Postnatal Problem: Pelvic Floor Over-Activation
Most people think of the pelvic floor being under-active as is found with incontinence and prolapse, but these muscles can also become over-active. This can result in a variety of symptoms including difficulty opening your bladder and bowels, back pain, constipation and a feeling of pressure or pain in the area.
This happens for a few different reasons postpartum. Stress and anxiety can cause muscles to tighten up including the pelvic floor muscles. It can also happen if you try to keep your stomach pulled in and the abdominals remain under tension during the day.
To help with this there are a few simple techniques you can try. One is the full yogic breath where you focus on breathing starting from the stomach, which causes the deep muscles to relax.
Come into a seated position, place one hand on your stomach and the other on your chest. Take a deep inhale breathing from the base of your stomach, feeling it rise underneath your hand. Then send the breath up into your chest feeling the ribs moving frontways, sideways and backwards. Lastly, fill the lungs as much as you can feeling the collarbones slightly lift. Take five slow deep breaths like this, each time trying to extend the exhale even longer. Try this a few times per day and after performing pelvic floor or core strengthening exercises. As well as relaxing the pelvic floor and deep abdominals it will help to reduce anxiety and relieve stress.
Postnatal Problem: Upper Back Pain
Whether you are breastfeeding or not, holding your newborn requires constant use of your upper back, neck and shoulder muscles. Staying in prolonged positions and postures can easily provoke pain in the upper back and shoulder areas. By conditioning your muscles through exercise they are more able to cope with the increased demands on your body.
Here are some extra quick tips on how to reduce and prevent pain here in the meantime:
- When feeding, sit in a chair with your back and arms supported by pillows
- Place a pillow under your baby to support their weight
- Whenever possible, during breastfeeding, lie on your side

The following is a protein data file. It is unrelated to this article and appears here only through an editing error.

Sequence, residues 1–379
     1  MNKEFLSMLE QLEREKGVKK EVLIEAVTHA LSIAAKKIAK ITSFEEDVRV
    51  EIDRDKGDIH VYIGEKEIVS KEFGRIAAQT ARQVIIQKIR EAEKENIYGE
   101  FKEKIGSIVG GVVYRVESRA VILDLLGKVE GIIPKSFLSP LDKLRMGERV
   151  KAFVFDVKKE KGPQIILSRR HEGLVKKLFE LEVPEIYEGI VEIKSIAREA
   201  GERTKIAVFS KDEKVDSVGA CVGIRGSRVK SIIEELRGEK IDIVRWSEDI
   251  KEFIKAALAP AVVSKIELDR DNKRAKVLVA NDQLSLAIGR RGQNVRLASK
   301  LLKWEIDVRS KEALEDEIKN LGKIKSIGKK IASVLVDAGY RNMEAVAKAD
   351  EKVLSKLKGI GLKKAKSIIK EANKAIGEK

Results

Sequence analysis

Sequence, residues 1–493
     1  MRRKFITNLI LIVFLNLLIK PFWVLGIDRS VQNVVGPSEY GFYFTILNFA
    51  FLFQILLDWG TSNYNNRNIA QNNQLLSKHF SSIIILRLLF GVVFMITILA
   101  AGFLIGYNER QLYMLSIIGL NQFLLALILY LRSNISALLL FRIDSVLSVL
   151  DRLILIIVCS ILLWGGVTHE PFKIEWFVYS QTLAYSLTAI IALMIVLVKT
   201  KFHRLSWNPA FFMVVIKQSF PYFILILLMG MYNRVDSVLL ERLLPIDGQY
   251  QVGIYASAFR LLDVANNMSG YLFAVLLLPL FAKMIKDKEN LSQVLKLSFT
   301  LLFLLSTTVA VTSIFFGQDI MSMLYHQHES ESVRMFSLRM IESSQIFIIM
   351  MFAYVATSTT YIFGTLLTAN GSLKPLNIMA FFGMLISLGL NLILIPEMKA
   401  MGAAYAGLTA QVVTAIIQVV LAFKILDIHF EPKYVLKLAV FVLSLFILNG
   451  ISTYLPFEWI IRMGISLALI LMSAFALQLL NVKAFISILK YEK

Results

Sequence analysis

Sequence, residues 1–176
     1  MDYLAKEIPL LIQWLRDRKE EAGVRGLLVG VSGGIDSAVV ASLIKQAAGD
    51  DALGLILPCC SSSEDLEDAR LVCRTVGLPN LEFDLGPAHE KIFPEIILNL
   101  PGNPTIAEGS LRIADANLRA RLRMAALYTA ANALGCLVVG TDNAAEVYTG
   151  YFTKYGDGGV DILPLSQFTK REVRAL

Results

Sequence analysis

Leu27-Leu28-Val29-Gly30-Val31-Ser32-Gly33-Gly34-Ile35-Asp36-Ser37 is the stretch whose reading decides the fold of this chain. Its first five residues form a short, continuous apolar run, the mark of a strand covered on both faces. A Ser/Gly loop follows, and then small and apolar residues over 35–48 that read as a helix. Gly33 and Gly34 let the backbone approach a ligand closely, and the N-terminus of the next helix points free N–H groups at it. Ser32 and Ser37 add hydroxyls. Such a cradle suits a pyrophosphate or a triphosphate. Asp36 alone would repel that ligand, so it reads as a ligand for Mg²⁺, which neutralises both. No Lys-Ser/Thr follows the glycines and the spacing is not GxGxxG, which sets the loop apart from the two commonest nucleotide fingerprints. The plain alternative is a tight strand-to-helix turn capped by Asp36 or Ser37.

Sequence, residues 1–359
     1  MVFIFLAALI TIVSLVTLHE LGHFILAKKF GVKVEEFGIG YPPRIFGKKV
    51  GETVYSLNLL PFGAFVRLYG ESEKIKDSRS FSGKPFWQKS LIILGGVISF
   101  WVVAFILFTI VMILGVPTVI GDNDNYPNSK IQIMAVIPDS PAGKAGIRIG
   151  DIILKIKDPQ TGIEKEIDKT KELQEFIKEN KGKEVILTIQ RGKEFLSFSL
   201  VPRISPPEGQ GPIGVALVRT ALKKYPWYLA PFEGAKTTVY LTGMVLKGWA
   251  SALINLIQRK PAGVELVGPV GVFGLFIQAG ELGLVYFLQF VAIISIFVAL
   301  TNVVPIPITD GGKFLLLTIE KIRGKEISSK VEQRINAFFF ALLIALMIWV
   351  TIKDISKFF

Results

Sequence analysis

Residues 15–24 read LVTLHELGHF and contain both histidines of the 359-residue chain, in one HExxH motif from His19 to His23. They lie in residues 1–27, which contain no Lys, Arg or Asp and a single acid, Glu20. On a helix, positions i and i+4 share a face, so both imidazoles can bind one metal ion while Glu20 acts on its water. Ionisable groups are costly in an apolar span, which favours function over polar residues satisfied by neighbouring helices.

Postnatal Problem: Tears and Episiotomies
Vaginal tears and episiotomies during childbirth are common. An episiotomy (a surgical incision) may be required to increase the diameter of the vaginal outlet to allow space for the baby’s birth. It is normally done during the last part of the second stage of labour or delivery. This procedure is done with scissors or a scalpel and requires repair by suturing. There are different types and grades of spontaneous tearing, with a fourth-degree tear being the most severe.
Unless told otherwise by a health professional, starting gentle pelvic floor exercises will be very helpful. It improves circulation to the area to help with healing and swelling, as well as reactivating and strengthening the pelvic floor which is weakened during delivery and after a tear or episiotomy. They can be started the first day after birth, once you have passed urine for the first time or once your catheter has been removed. It may feel more comfortable lying on your side to perform your pelvic floor exercises and whilst breastfeeding as it avoids pressure on the stitches. For those with 3rd or 4th-degree tears’ gradually build up the amount of pelvic floor exercises you do as comfort allows.
Please stop any exercises that result in pain, difficulty controlling wind, loss of bladder or bowel control, an increased sensation of pelvic pressure or if your lochia becomes redder or heavier. This may be a sign that you are overdoing things.
Strength Through Yoga by Hannah Barrett and Finola Burrell is available for £39.99 at www.yogagirllondon.com